Again, in January, 1836, our formidable and wealthy opponents dragged the Burgh within the walls of St. Stephen's, by another Bill, empowering them "to purchase up, by jury valuation, the exemption of Dumbarton Burgesses on the River Clyde," and the jury to be composed of "Lanarkshire gentlemen" alone. The official gentlemen of the Burgh, and the general body of the Burgesses, seeing that the oft-repeated attacks made on these immunities by the Clyde Trustees were not only vexatious but absolutely ruinous to the burgh and corporation, resolved to effect with the Trustees a private sale, if a fair and adequate remuneration were obtained, and the necessary clauses on arrangement could be inserted in the Bill to be brought in. Several conferences were held by a deputation from Dumbarton with a sub-committee of the Trust. 16,000 sterling was talked of as being a fair equivalent for the privileges, under the express reservation of the life-rent right to all the existing resident burgesses of the Burgh; and 10,000 more for their life-rent right; making 26,000 for an out-and-out sale. Further conferences took place privately between the parties, with a variety of correspondence, embracing several important points, all of which finally ended in agreeing to give and accept of 15,000 in cash for these long-contended for privileges, under the express reservation of the life-rent right to all the resident burgesses of the burgh of Dumbarton then existing. The following are the most important clauses mutually agreed upon, and which were embodied in the Bill alluded to; In place of thso of the jury valuation clause in it originally :-

"And whereas it would be kbr the public advantage, and for the 6ene1t 6f the traders uponthe said river and Firth of Clyde, and resorting to the said harboth; if the said rights of exemption or immunity were repealed and done away with, compensation and indemnity being made and granted for the same to the body or bodies politic, corporate, or collegiate, or person or persons entitled thereto, to the extent to which the said exemptions at present exist.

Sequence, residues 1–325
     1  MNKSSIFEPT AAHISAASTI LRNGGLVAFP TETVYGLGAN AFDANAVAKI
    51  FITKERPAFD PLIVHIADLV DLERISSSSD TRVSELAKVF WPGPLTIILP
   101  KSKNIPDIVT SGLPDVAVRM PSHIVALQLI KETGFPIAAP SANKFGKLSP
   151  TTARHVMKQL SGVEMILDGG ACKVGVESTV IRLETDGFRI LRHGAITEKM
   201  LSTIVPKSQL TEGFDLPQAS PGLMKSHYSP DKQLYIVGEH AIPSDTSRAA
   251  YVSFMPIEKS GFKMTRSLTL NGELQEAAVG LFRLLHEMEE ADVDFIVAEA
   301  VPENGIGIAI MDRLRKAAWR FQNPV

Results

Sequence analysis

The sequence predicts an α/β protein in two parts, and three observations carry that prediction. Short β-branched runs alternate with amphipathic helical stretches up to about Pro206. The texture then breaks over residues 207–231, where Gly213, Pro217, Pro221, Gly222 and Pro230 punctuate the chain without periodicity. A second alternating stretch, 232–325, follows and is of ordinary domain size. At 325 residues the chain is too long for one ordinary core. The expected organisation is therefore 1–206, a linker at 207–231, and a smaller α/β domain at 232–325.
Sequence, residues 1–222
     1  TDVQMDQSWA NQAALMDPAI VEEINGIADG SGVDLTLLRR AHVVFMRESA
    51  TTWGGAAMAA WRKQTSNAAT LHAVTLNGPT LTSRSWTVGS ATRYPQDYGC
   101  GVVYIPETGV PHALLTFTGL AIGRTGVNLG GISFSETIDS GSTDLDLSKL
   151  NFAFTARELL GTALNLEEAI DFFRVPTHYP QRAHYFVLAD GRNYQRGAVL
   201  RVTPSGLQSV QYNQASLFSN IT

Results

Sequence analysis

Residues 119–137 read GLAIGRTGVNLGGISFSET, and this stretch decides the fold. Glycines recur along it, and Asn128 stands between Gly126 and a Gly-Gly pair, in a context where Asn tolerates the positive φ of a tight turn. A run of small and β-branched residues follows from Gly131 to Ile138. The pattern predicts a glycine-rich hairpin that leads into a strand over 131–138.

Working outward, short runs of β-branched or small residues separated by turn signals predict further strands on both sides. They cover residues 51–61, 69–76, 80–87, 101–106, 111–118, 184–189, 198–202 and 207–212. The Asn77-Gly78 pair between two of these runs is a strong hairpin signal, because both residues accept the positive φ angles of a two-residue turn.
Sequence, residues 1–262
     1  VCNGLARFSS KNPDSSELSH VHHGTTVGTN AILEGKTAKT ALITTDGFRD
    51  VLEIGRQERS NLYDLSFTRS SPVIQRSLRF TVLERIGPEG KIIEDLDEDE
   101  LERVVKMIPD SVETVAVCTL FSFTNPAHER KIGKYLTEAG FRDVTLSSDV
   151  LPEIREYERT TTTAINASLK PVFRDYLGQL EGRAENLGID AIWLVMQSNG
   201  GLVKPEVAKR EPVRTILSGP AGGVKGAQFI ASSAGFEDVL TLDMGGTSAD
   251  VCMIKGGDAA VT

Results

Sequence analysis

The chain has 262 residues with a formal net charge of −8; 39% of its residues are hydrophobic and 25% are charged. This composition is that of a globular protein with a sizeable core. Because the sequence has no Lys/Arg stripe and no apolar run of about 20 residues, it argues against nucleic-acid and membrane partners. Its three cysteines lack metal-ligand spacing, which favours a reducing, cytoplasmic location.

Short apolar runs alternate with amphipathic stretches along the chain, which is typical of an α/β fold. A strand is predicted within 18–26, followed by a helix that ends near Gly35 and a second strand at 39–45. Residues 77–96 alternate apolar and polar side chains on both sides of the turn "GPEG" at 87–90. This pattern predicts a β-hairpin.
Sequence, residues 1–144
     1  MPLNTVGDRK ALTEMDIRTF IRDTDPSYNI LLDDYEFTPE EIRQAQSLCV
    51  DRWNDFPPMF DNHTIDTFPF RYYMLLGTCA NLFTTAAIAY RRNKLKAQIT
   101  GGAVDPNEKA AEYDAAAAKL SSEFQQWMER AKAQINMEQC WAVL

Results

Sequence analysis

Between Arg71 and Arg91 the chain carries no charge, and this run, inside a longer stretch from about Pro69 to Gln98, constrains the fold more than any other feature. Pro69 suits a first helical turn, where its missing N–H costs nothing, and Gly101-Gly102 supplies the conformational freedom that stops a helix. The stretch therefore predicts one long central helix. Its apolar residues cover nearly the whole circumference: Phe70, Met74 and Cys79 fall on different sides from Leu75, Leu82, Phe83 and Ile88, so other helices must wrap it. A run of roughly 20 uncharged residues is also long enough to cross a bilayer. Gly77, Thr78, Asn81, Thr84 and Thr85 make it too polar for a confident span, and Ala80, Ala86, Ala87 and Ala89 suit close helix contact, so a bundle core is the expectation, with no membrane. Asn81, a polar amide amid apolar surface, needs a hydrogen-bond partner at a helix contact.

"Be it therefore enacted, and. it is hereby enacted, That the said Trustees shall, within three months from the date of the passing of this Act, pay, and are hereby required to pay, from the funds under their management, the sum of fifteen thousand pounds sterling to, the Magistrates and Town Council of the Royal burgh of Dumbarton, for the bohoof of the burgesses and community thereof, as a fair ,and adequate compensation and indemnity to the 'corporation, burgesses, and community of the said burgh, for all the immunities and, exemptions enjoyed by them under the said recited. charters, contracts, and acts, under the express and understood reservation always of the rights of existing resident burgesses, as hereinafter provided for. And that the whole of the said immunities and exemptions recognised or granted by the said charters, contracts, and acts, shalt, under the reservation aforesaid, from and after the date of the said payment, be entirely abolished, extinguished, and for ever cease and determine."

The other clauses and provisions of this Bill having the more extensive deepening of the Clyde, purchasing property adjacent to its banks, forming wet docks, extending and otherwise improving the harbour, borrowing money to an euormois amount, augmenting the rates on tonnage of vessels, steamers, and goods; it therefore met with formidable opposition from a host of parties whose interests it affected. But happily it cost our Burgh little or no expense, she having previously arranged 'with the Trust, and guaranteed to petition in its favour, which was all her cost. It was, however, like some of its predecessors, sentenced to death by the legislature, executed, and dishonourably thrown out!!! The last contest with the River Trust is well known, for it is scarcely six months old. We are now happy to say, that, through the great exertions of a deputation of burgesses sent to London, who were nobly supported by our County and Burgh members of Parliament, we have now got a clause into the "River and Dock Bill" of the Trustees, recently passed, allowing our steamers a place at the Upper Wharf, which the Committee of the House of Commons stated we should always have enjoyed.